A judge on Thursday gave a hospital permission to take an 11-month-old girl off life support against her family's wishes in a closely watched case that has drawn in the state's attorney general and Texas Right to Life.
The family of the girl, Tinslee Lewis, plans to appeal the ruling, which Tinslee's mother, Trinity Lewis, said had left her "heartbroken."
"The judge basically said Tinslee's life is NOT worth living. I feel frustrated because anyone in that courtroom would want more time just like I do if Tinslee were their baby," Lewis said in a statement released by Texas Right to Life, a nonprofit anti-abortion advocacy group, which represents the family.
"I hope that we can keep fighting through an appeal to protect Tinslee. She deserves the right to live," her mother said.
Texas Right to Life slammed the ruling by a judge in the state's 48th judicial district as having sentenced "an innocent 11-month-old" to death.
Cook Children's Medical Center in Fort Worth, where Tinslee is on life support, said in a statement that the decision allows it "to make the most compassionate and medically appropriate decisions for Tinslee as she struggles in pain to survive each day."
"Our medical judgment is that Tinslee should be allowed to pass naturally and peacefully rather than artificially kept alive by painful treatments," the statement said. "Even with the most extraordinary measures the medical team is taking, Tinslee continues to suffer."
Tinslee was born prematurely in February with a rare heart defect. She hasn't left the hospital since she was born.
Tinslee went into respiratory arrest in July, and since then she has been on a machine that replaces the functions of her heart and her lungs, in addition to being on a ventilator. Doctors say that they believe she is in pain and that she "requires significant sedation," the hospital said in a statement last month.
Under Texas law, a hospital's doctors, with the approval of the facility's ethics committee, can end a patient's lifesaving treatments over the objections of the patient or the family member responsible for making decisions on the patient's behalf. The family must be given at least 10 days to find another hospital before care is suspended, according to The Texas Tribune.
A district judge in November ordered the hospital to continue treatment until at least Dec. 10. The order was later extended.
Texas Right to Life said in its statement that it "is disappointed that the ruling not only disregarded the Constitution, but also sentenced an innocent 11-month-old baby to death like a criminal."
"The 10-Day Rule has robbed countless patients of their Right to Life and right to due process," it said.
Trinity Lewis said last month that she believes her daughter deserves a better chance to survive.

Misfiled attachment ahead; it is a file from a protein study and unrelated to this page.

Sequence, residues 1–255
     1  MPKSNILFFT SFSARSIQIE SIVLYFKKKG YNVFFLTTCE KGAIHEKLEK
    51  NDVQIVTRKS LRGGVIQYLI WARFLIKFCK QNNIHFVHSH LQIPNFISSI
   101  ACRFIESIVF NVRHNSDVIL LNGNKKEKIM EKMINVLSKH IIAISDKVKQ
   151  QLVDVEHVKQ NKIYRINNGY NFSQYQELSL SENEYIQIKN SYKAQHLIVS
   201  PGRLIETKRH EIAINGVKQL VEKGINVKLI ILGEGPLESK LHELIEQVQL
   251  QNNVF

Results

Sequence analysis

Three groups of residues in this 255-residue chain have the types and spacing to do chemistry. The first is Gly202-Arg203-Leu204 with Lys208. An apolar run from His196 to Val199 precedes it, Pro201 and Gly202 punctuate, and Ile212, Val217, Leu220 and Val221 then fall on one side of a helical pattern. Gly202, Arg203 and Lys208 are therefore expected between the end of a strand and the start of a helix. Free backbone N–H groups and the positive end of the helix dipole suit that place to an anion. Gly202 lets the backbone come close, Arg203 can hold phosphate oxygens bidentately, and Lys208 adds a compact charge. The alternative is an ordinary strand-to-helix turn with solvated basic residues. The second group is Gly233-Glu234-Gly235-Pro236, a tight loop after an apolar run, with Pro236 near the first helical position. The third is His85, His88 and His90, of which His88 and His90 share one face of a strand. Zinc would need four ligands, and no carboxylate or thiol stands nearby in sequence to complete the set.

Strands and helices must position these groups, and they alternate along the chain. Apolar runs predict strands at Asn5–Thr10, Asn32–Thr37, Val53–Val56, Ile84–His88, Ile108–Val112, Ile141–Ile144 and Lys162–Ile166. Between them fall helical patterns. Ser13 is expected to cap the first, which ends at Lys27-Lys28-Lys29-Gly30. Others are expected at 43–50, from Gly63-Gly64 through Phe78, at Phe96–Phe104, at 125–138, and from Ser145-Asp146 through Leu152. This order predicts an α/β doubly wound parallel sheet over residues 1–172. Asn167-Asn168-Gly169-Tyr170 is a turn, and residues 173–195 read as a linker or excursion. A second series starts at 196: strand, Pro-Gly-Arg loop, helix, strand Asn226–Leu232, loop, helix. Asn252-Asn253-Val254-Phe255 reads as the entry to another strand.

"This isn't Tinslee's first rodeo. She's made it this far. I know she's going to continue to fight for her life," Lewis said.
Gov. Greg Abbott and state Attorney General Ken Paxton, both of whom are Republicans, side with the family.
"The case of Tinslee Lewis is complex and heartbreaking, and the state will continue to support Ms. Lewis's exhaustion of all legal options to ensure that Tinslee is given every chance at life," they said in a statement Thursday.
"The Attorney General's office will be supporting an appeal of this case to the Second Court of Appeals. The State of Texas is fully prepared to continue its support of Ms. Lewis in the Supreme Court if necessary," the statement said.
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Cook Children's Medical Center said it reached out to more than 20 specialized homes and hospitals, none of which would accept Tinslee as a patient.
At a hearing in December, Dr. Jay Duncan, one of Tinslee's physicians, said that she had undergone at least a half-dozen operations and that her doctors had run out of options.
He also said she is in pain.
"Changing a diaper causes pain. Suctioning her breathing tube causes pain. Being on the ventilator causes pain," Duncan said, according to NBC Dallas-Fort Worth.
Duncan said there had been "many, many" conversations with Tinslee's family. "We care a lot about Tinslee," he said. "We care a lot about her family."
Cook Children's echoed that view in a statement last month, saying: "Our doctors and nurses have done everything humanely possible to save Tinslee's life. Currently, any care we provide, including feeding, bathing and providing treatments and medication, can cause her little body to experience a medical crisis, which causes even more intervention and pain for her."
The hospital said Thursday that it will continue to provide care for the next seven days.
"We also recognize the family may appeal this decision," Cook Children's said. "As they do, we will provide Tinslee the same level of intensive care as we have for her entire life. The decision to end life sustaining care will be decided upon by Tinslee's care team in close communication with the family, and in accordance with Texas law."